In the wake of the US election of a man whose rise to power was heralded by white supremacist groups, racists, sexists, bigots, and homophobic politicians, whose hateful rhetoric drove a deeper, manipulative wedge between the disenfranchised and the bourgeois of America , a coworker said something that surprised me: “What we need now is art.”
I’d imagined the sentence ending with “revolution” or “meaningful protest” or “Canadian citizenship.” Even as a writer, someone who ostensibly believes that art can make a difference, I wasn’t ready to hear that what we needed was “art.” I also wasn’t ready to go create works that would nudge the giant pendulum swinging from tense acceptance to open hatred to swing a little further into acceptance. I believe writing can do that. If I didn’t, why bother? That hope is why I spend my free time reading submissions for Spectators and Spooks, trying to find that perfect piece, a ghost story that illuminates a world view different from my own white-passing, straight cis-male perspective that can move me to understand and love a character from a different background and space and time that has been overlooked and dishonored.
While Ken Liu doesn’t do much by the way of ghosts – not in the supernatural sense at any rate – in Paper Menagerie he works to move that pendulum of otherness, that weight that I am yet unsure of how to move for myself or others.
Continue reading at Spectator and Spooks!
WH: You also eat something pretty disgusting. What did that taste like?
MM: Oh my God. This was really funny. Lauand came to me and was like, “Don’t lick the blood, don’t lick the brains because it’s real brain.”
You can find more of my interview with actress and singer Melissa Mars here.
Emerson set up a partnership with The Culture-ist, an online travel/social justice/wellness magazine and the people at the Culture-ist are kind (crazy) enough to let some students take over their magazine for three months.
I wrote this article and edited this one.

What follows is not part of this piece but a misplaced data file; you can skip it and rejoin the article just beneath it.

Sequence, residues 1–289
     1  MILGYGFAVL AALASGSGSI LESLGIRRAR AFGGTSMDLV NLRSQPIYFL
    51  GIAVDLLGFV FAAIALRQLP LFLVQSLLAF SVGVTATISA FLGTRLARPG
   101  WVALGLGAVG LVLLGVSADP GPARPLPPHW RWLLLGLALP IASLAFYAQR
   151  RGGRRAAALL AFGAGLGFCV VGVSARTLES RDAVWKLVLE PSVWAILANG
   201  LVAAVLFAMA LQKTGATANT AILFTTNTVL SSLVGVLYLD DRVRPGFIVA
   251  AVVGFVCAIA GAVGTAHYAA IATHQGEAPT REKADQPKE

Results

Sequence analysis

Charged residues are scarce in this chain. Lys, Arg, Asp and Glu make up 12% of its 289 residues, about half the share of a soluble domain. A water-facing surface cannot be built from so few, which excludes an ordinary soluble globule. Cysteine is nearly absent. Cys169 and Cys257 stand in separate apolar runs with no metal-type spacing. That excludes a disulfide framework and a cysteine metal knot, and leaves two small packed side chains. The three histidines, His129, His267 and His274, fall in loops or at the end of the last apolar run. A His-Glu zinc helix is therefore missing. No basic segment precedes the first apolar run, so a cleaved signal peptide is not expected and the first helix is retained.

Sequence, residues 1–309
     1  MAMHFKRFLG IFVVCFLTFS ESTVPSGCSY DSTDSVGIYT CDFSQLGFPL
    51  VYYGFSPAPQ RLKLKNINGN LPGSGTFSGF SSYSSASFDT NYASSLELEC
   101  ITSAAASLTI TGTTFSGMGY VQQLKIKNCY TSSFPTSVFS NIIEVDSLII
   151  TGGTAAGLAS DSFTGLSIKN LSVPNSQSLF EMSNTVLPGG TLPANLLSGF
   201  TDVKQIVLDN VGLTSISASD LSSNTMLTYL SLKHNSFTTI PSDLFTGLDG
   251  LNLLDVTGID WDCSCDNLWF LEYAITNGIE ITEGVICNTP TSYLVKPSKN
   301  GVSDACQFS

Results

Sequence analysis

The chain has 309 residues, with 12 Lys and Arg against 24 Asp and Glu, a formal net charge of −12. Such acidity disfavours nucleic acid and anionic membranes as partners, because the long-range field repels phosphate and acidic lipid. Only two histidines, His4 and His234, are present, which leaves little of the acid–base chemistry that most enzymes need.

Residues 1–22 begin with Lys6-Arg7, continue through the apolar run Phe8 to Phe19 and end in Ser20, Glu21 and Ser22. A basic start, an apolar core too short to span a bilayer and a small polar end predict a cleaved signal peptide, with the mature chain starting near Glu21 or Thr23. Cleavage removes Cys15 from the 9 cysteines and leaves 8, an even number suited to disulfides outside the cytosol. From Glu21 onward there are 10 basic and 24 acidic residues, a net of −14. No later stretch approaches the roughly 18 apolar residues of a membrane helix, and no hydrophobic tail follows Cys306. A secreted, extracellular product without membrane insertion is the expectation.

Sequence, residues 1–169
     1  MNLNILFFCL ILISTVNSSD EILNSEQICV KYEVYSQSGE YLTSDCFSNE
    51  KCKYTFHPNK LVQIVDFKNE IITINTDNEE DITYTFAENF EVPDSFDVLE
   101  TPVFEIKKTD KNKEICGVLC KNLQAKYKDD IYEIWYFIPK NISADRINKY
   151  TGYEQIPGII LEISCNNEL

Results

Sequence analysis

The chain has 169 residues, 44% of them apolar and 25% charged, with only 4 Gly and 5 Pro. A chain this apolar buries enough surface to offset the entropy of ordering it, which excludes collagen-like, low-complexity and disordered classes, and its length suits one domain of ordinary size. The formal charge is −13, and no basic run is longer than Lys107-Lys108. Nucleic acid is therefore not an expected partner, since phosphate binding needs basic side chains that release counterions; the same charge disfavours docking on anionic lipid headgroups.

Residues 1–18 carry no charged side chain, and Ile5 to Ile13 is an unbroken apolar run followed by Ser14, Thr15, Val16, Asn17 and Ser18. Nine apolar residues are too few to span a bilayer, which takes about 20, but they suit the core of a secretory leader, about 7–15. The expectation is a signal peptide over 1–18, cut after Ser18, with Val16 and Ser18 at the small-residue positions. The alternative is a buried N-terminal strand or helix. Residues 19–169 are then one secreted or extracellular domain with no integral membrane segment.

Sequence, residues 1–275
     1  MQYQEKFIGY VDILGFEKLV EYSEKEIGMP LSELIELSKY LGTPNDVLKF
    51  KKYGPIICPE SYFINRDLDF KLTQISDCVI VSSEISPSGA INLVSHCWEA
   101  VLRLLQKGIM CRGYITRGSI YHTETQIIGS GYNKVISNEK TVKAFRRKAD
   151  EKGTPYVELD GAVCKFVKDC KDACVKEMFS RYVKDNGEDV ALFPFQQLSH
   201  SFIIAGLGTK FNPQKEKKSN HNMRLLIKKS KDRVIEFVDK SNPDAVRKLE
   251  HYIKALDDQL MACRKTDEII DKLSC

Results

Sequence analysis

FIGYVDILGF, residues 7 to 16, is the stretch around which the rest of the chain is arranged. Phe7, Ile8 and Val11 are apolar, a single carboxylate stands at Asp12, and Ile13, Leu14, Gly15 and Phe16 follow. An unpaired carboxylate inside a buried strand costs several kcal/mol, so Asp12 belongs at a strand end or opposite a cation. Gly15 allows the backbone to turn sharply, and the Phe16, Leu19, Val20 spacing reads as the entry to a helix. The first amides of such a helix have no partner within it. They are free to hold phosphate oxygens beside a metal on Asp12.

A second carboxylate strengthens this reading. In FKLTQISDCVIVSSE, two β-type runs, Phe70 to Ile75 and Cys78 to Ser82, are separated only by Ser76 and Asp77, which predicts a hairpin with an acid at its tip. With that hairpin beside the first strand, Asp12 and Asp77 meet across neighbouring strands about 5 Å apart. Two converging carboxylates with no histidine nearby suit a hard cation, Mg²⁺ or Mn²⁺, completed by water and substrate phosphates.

So far so good. Just got to make sure to get all of the pencils out the ceiling before they come back.
I entered this into a Zip Odes contest. It was an awesome idea, an ode to your zip code where each line had as many words as the corresponding number in your zip code. If you had a zero, you left that line blank.
I didn’t win (here’s a link to the winners, who are awesome), and I don’t think I’ll have an opportunity to publish it somewhere else so I’m posting it on here.
Suburb of New York and Boston
Sox’s and Yank’s battleground
and my poor father loves the
I normally don’t post my Action Figure Fury stuff on here, because I understand that while action figures are my interest they aren’t everyone’s thing. I do thing that this parody of Human’s of New York I wrote is more accessible and fun for casual readers. If you’ve got a few minutes, give it a look!
I’ve finally decided to take the plunge and make my own website. As you can see, it’s pretty simple, but I don’t need anything over the top. There’s a list of all of my literary publications along with links to my work at Action Figure Fury. I’ll be updating this whenever I get another publication (which will be at least once a week thanks to my column). I may also write a little bit about my reading from the perspective of a reader rather than a reviewer.
If you’re interested in commissioning some writing or editing, head over to the freelance work section where you can find some samples of my work along with a contact form.
Take a look around. Enjoy! I hope to see you back on here sometime soon.